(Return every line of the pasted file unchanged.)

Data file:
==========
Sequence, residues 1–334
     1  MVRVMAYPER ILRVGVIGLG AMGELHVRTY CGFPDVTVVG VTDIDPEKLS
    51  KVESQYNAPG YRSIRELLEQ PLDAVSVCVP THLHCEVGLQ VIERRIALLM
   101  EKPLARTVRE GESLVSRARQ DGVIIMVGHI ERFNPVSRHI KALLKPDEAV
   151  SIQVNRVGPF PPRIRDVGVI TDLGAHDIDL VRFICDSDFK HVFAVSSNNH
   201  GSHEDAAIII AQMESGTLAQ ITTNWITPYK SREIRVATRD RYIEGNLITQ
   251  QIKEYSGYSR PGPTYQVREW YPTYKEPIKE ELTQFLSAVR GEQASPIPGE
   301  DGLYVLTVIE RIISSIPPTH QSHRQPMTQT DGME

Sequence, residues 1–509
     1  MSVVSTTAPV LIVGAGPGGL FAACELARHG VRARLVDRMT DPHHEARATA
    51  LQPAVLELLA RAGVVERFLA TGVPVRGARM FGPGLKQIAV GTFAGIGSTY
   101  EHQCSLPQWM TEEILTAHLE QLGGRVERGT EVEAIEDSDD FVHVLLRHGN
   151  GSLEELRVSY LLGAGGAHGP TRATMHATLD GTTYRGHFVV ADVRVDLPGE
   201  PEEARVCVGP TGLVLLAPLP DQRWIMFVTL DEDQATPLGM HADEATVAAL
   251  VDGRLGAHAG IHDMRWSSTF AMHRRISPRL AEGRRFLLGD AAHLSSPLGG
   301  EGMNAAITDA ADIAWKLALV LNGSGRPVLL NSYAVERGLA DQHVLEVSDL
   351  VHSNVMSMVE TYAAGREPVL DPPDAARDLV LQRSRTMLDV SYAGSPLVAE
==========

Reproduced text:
Sequence, residues 1–334
     1  MVRVMAYPER ILRVGVIGLG AMGELHVRTY CGFPDVTVVG VTDIDPEKLS
    51  KVESQYNAPG YRSIRELLEQ PLDAVSVCVP THLHCEVGLQ VIERRIALLM
   101  EKPLARTVRE GESLVSRARQ DGVIIMVGHI ERFNPVSRHI KALLKPDEAV
   151  SIQVNRVGPF PPRIRDVGVI TDLGAHDIDL VRFICDSDFK HVFAVSSNNH
   201  GSHEDAAIII AQMESGTLAQ ITTNWITPYK SREIRVATRD RYIEGNLITQ
   251  QIKEYSGYSR PGPTYQVREW YPTYKEPIKE ELTQFLSAVR GEQASPIPGE
   301  DGLYVLTVIE RIISSIPPTH QSHRQPMTQT DGME

Sequence, residues 1–509
     1  MSVVSTTAPV LIVGAGPGGL FAACELARHG VRARLVDRMT DPHHEARATA
    51  LQPAVLELLA RAGVVERFLA TGVPVRGARM FGPGLKQIAV GTFAGIGSTY
   101  EHQCSLPQWM TEEILTAHLE QLGGRVERGT EVEAIEDSDD FVHVLLRHGN
   151  GSLEELRVSY LLGAGGAHGP TRATMHATLD GTTYRGHFVV ADVRVDLPGE
   201  PEEARVCVGP TGLVLLAPLP DQRWIMFVTL DEDQATPLGM HADEATVAAL
   251  VDGRLGAHAG IHDMRWSSTF AMHRRISPRL AEGRRFLLGD AAHLSSPLGG
   301  EGMNAAITDA ADIAWKLALV LNGSGRPVLL NSYAVERGLA DQHVLEVSDL
   351  VHSNVMSMVE TYAAGREPVL DPPDAARDLV LQRSRTMLDV SYAGSPLVAE